In their own words: Starbucks partners on what defining and recognizing everyday Black excellence means to them
This February, Starbuck Canada is proud to honour Black History Month and celebrate the many ways its partners (employees) and communities demonstrate Black excellence.
Kwankah, data scientist
"What is Black Excellence? I have reflected on this question for the last decade. Ten years ago, I migrated from Cameroon in West Africa to Canada on a student visa. As an aspiring Engineer, that was the best decision I could ever make to reach my full potential. While making this decision, I didn't account for the cultural shock/difference, cold winters, and limited Black communities or networks in Canada. Why did I believe I had to move to Canada to achieve Black Excellence? These are questions that I continue to reflect on to this day. I have moved from international student to permanent resident in the last decade and am now a Canadian citizen.
In a workplace, the organization must create an inclusive, positive, expressive environment that makes Black people comfortable to work to their fullest potential. We should be free to have honest conversations about our culture and views without fear of prejudice or judgement. Working for Starbucks gives me so much hope and confidence that companies are now beginning to listen to us and are willing to help us reach the Black Excellence we need."
Antonia, store manager
"For me the first step in any area of allyship is to take responsibility for your own personal education surrounding the experiences of the community you are standing alongside. I think part of the role of an ally in recognizing Black Excellence is to make every effort to intentionally support Black-owned businesses, artists, and restaurants. When I think about the theme of recognizing Black Excellence, I believe it’s critical to provide allyship to the Black community to support and celebrate not only small businesses and entrepreneurs, but also the development of partners in their career path here at Starbucks."
Jordan, senior marketing coordinator
"For me, Black Excellence is about owning your story and journey, both where you’re at and where you’re going. It’s about a grounded, warranted belief in self both as a person of colour and as a person, period. My journey as a bi-racial person started not at all understanding what it meant to be Black or White for that matter. It was much later in my life that I began to process the reality of my visible colour and my undeniable heritage. Not quickly and not simply, I began to accept and celebrate my Blackness and seek to understand what it meant for me or those closest to me. It has called for me to be reflective and gentle with myself as I explore, at my own pace, what a bi-racial existence feels like while also being a queer person. I’ve learned to not shy away from the complexity that comes with intersectionality. It drives me to show compassion and give grace to others who are also taking their time to live in their own Black Excellence.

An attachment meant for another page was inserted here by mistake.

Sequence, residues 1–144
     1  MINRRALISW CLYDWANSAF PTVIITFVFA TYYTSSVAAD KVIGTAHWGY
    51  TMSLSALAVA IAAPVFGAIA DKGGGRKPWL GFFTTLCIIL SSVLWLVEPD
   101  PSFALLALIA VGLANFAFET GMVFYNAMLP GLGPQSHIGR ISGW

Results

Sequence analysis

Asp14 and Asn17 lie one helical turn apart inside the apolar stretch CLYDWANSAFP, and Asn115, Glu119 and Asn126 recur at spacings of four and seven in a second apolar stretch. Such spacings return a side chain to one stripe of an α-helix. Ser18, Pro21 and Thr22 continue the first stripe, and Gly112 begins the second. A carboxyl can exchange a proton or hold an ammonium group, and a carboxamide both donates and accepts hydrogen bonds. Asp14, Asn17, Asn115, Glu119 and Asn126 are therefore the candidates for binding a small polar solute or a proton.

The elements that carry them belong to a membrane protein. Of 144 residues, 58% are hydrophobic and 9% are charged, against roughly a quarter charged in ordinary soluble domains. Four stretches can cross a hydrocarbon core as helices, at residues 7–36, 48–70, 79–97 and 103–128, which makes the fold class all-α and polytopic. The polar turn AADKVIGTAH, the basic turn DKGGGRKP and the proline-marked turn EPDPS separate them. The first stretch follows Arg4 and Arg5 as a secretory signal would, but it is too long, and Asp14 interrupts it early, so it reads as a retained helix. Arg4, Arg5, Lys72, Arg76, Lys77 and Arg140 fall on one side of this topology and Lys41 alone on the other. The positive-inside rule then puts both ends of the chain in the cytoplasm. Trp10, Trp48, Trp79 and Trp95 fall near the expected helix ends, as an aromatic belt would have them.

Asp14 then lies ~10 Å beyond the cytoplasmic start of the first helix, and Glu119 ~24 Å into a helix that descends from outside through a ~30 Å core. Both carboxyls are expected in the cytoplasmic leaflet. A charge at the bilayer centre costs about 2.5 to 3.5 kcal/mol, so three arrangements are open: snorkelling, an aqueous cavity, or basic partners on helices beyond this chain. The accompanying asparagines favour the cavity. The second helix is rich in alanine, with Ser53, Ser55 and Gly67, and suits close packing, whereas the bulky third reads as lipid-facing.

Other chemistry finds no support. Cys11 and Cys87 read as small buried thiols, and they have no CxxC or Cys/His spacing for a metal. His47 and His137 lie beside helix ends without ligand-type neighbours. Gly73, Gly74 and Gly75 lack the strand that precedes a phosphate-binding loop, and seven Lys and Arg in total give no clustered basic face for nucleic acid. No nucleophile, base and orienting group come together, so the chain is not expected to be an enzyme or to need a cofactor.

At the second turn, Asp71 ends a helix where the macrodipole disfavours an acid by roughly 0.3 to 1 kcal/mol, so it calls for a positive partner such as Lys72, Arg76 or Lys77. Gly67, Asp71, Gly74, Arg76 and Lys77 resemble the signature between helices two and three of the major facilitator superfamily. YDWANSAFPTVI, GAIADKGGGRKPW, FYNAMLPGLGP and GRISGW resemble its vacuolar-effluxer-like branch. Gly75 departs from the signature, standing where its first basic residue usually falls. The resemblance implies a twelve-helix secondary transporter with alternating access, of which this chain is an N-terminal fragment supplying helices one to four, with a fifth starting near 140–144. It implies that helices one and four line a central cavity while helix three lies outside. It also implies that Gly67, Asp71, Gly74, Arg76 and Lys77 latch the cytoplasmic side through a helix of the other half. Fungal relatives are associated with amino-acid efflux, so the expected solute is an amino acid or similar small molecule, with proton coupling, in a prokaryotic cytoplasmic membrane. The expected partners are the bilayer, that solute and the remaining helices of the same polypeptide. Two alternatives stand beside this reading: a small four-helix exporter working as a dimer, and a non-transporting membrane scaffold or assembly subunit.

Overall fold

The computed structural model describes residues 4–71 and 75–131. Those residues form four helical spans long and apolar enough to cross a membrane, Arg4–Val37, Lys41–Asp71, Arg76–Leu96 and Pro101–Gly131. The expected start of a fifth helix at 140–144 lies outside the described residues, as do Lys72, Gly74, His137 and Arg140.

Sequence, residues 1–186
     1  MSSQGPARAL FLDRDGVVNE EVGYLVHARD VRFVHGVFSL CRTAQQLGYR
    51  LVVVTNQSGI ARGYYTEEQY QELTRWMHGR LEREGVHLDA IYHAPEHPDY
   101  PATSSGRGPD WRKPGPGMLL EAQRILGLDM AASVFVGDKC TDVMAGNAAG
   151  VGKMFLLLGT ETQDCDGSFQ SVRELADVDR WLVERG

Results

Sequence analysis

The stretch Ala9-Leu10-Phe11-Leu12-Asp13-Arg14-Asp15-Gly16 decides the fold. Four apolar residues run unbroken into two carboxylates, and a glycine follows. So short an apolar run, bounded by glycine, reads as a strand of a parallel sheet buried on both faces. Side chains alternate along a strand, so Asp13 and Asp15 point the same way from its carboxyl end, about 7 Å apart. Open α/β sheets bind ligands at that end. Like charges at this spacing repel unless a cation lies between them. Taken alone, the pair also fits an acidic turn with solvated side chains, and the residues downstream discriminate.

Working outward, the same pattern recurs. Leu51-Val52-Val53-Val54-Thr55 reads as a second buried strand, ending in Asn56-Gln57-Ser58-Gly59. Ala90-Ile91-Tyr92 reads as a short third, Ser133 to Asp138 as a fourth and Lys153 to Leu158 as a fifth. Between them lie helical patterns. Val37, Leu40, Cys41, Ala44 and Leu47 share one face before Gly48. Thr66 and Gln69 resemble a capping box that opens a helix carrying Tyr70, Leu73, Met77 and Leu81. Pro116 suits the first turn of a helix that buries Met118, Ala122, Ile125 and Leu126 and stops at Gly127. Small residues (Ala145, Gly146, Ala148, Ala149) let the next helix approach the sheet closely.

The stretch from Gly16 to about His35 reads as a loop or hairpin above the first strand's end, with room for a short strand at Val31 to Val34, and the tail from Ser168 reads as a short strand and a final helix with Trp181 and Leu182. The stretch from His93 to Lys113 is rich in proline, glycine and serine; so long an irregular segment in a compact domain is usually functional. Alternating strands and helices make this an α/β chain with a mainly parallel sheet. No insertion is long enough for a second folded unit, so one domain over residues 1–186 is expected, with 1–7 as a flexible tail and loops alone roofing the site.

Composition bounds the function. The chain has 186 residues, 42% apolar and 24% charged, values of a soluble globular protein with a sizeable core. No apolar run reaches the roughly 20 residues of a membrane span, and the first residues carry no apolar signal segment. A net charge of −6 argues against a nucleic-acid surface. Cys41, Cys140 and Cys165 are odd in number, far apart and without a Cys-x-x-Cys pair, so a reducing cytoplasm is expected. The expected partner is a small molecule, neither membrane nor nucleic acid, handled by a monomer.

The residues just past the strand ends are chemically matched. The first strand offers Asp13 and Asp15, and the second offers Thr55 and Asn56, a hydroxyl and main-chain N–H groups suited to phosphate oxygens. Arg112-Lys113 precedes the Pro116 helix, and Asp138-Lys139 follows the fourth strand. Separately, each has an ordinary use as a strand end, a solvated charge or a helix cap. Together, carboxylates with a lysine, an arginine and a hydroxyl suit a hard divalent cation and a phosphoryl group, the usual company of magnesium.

Just know, because you’re alive, you deserve to take up space, to be heard, seen and to succeed on your own terms. That’s excellence – it belongs to you."
"The term ‘excellence’ is defined as “extremely good; outstanding.” In other words, success. But success is such a broad and biased term in society and when most people think of success they think of going to school, getting a degree and working a high paying job. But that is not how I view Black Excellence & success.
As humans, we make mistakes along the way, but that’s how we learn. The term ‘excellence’ should not be portrayed as perfect as described in the definition, but portrayed as a journey towards success. Success is looking back at your mistakes and realizing your accomplishments and achievements. In conclusion, Black Excellence should not be viewed in a stereotypical way but viewed as Black people working towards the achievement for the future. That's Black excellence. "
Brooklyn, shift supervisor
"I’ve been a partner for almost three years now. For me, Black Excellence is a way of honouring my people. There are enough external forces telling Black people that they are not good enough. Black people are magic, and I make a point to remember that. I think it’s part of my duty as a Black womxn to be a positive force in the lives of those around me. I believe that power comes from even the smallest of things; a simple compliment goes a long way in brightening someone’s day. Lifting others up by supporting their small businesses, offering a helping hand and advocating for those who are silenced are ways that I look to support my community. Being an ally is truly important. The first step is to listen and learn, seek out resources and humble yourself to learn."